"These significant limitations coupled with the sheer scale of various tasks around the flow of information, communication and coordination of resources posed an immense challenge for those within SOR, particularly on August 8, 2011" the document says.
The process of replacing MetOps is under way and the force has also proposed some temporary solutions, including a new GIS system which is being trialled to assist with the coordination of resources. The Met is also considering adopting software currently used with live crime investigations for SOR.
The questions that are raised now is why did London's police wait until the last minute when they had a whole year to evaluate, plan and design modern software that would have prevented last year's riots. And one of the other question that is being asked now is: will the new software be ready in time for the Olympics which are less than four months from now? And it can take up to a year to fully test drive such complex software once it's available.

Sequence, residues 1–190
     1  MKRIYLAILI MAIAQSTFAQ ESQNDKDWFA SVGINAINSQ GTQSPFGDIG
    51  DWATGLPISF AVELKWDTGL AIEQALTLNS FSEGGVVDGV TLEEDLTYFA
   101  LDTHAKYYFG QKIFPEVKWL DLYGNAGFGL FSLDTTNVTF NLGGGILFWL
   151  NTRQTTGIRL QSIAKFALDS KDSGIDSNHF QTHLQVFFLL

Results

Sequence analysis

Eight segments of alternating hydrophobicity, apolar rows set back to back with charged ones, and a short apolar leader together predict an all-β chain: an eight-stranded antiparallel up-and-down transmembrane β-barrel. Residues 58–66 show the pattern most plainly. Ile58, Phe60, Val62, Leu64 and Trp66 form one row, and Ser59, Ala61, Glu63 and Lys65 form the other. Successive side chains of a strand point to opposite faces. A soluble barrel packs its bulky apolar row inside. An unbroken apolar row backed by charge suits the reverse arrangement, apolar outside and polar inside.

The Met's report also highlights the use of CCTV during disturbances. While the document says CCTV proved to be critical to the investigation of offences committed during the riots, it also says that there were significant challenges because of the sheer volume of footage, an estimated 200,000 hours, that had to be thoroughly examined.
The police's response to social media is also examined in the report, which notes that a digital communications steering group has been set up by the Met in response to its struggle to monitor social media in real time during the riots. The group wants to use social media to help the police understand what is going on in the community.
In other internet security news
The U.S. Department of Homeland Security has officially shut down and disabled a domain name registered outside of the United States by individuals who are not American citizens, and who registered with a Canadian registrar.